The barrage of open letters haranguing YouTube and its purported value gap are coming fast and furious. The International Artist Organization of Music has penned a missive to the European Commission, adding its voice to the calls for changes in how free online services manage use of copyrighted material.
The phrase “value gap” is the most common one summing up the YouTube debate, especially on the far side of the pond. It stems from the idea that YouTube and other services in that vein can use safe harbor provisions in existing copyright laws to protect themselves from liability when their users upload infringing material. This also allows those online platforms to deliver small or no royalties to the artists and songwriters, even though both YouTube and the uploader might be reaping financial reward.
The IAO letter does have a slightly different flavor than some of the other recent plays for change. It acknowledges that labels are also pushing for legal change, but the IAO wants to go even farther in order to ensure that artists are protected. It questions labels’ intentions in the degree of change they have been seeking and made a mild threat to withdraw support if its needs are not reflected in the label lobbying. The core arguments from IAO, however, fall in line with the other recent campaigns: “updated remuneration rights that reflect the realities of consumer behavior in digital” in addition to value chain transparency, fair share of value, and a “duty of care” in the chain’s intermediaries.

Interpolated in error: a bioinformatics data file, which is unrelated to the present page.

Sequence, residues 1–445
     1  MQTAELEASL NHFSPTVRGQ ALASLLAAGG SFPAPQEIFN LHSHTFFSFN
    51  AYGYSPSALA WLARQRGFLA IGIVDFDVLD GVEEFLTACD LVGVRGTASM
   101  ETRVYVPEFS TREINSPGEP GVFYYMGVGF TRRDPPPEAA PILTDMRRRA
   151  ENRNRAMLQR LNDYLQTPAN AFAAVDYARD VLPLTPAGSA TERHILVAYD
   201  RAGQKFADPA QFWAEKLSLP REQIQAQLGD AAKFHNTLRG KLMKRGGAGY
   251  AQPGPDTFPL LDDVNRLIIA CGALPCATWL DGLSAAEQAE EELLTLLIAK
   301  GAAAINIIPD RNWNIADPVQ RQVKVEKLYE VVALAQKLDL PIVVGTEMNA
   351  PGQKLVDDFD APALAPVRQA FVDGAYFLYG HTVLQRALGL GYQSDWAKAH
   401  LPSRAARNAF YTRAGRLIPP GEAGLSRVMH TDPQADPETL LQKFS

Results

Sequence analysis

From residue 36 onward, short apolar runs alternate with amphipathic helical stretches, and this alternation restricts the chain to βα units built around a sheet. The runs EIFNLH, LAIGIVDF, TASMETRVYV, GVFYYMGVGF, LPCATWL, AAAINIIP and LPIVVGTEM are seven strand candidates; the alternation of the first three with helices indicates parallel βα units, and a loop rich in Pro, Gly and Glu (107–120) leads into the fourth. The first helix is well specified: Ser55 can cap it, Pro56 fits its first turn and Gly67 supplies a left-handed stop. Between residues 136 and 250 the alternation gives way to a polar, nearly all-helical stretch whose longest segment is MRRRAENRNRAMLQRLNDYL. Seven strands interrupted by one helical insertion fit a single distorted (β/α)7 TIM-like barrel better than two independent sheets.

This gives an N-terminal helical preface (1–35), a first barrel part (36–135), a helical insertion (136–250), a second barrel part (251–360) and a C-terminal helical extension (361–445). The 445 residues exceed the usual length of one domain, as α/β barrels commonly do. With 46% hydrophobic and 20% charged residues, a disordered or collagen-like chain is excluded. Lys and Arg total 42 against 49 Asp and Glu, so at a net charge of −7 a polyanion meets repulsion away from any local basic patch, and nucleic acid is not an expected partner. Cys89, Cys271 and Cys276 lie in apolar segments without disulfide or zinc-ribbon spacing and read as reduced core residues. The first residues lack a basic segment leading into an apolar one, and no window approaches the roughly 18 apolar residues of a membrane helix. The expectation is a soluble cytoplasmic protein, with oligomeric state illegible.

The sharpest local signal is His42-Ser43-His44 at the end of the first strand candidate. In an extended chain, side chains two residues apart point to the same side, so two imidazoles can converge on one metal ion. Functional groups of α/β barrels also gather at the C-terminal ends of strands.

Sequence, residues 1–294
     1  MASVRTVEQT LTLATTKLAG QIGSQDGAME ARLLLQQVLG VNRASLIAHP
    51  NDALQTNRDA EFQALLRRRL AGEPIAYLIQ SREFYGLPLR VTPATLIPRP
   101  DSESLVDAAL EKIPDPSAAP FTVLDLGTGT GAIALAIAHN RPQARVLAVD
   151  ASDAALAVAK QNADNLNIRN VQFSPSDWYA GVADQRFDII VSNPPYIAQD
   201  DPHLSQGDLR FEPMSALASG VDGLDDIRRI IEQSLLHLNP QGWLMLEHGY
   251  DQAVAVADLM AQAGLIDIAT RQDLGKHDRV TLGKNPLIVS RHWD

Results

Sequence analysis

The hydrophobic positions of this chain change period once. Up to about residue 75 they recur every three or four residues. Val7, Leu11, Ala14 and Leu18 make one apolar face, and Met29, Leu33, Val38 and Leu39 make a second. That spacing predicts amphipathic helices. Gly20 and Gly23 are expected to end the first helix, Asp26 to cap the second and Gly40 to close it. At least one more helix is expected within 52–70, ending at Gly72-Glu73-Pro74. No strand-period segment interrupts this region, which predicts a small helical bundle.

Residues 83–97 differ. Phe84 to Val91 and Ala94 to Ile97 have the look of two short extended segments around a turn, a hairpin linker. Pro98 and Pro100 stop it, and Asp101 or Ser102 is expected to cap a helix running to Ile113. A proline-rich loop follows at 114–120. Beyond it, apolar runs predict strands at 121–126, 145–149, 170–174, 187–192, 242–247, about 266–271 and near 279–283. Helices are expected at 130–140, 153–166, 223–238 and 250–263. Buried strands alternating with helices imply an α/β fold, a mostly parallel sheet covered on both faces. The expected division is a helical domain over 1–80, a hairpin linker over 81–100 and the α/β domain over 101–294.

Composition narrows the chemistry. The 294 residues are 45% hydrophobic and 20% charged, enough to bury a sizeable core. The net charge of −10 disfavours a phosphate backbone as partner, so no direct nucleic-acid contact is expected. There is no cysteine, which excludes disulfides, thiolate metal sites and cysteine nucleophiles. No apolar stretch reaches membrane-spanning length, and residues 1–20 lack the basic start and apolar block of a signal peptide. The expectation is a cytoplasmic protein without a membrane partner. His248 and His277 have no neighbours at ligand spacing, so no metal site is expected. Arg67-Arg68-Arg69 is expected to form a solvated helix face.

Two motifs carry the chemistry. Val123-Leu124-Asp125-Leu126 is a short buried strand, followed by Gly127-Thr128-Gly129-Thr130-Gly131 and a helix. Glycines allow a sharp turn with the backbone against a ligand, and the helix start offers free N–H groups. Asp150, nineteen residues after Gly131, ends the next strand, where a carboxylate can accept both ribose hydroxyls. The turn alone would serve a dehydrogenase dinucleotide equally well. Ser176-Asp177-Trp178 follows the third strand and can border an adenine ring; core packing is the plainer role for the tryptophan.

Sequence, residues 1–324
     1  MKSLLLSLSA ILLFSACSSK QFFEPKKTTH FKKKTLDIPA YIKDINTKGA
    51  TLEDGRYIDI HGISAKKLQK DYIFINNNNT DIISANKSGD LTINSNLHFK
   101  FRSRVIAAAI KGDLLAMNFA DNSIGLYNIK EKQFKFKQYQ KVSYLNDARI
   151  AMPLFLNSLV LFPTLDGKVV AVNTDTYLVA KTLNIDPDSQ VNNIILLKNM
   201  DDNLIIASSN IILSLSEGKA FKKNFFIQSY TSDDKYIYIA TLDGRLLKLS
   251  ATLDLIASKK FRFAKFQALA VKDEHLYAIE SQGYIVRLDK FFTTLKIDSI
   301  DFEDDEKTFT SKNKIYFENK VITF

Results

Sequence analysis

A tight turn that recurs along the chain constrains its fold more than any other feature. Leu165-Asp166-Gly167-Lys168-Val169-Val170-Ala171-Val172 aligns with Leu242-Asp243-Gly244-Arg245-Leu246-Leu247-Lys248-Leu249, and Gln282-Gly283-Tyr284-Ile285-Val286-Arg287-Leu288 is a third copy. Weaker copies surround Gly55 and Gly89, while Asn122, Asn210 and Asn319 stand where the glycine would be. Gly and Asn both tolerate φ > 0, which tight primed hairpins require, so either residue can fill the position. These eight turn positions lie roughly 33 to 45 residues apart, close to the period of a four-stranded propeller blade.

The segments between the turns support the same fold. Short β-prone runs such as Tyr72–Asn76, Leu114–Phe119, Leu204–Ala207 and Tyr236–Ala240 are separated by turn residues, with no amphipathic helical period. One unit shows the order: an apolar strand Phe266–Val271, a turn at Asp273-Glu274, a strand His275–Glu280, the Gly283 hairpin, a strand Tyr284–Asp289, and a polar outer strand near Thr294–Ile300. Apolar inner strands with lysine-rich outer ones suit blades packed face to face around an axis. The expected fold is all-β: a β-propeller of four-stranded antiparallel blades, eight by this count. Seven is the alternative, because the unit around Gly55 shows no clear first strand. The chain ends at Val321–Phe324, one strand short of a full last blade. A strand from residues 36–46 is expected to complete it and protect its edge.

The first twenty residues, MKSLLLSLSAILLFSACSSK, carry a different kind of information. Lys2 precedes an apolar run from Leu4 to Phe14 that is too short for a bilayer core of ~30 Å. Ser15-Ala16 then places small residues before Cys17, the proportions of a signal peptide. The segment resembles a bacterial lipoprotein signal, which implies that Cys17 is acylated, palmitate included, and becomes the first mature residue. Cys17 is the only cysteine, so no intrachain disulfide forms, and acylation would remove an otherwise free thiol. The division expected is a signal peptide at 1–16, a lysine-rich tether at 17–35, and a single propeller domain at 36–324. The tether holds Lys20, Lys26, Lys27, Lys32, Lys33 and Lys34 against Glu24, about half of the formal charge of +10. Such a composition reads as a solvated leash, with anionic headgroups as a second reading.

The British Phonographic Industry has been a vocal critic of safe harbors, most recently accusing YouTube and its kin of strip-mining music. Earlier this week, former manager Irving Azoff also mobilized an open letter pushing for similar changes to the Digital Millennium Copyright Act. Azoff’s efforts were just the latest in a wave of efforts to revise the DMCA.